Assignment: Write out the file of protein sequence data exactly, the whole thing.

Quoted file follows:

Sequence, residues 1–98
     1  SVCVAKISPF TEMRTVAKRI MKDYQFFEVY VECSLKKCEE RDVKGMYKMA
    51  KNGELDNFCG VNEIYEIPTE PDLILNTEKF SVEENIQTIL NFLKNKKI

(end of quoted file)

Sequence, residues 1–98
     1  SVCVAKISPF TEMRTVAKRI MKDYQFFEVY VECSLKKCEE RDVKGMYKMA
    51  KNGELDNFCG VNEIYEIPTE PDLILNTEKF SVEENIQTIL NFLKNKKI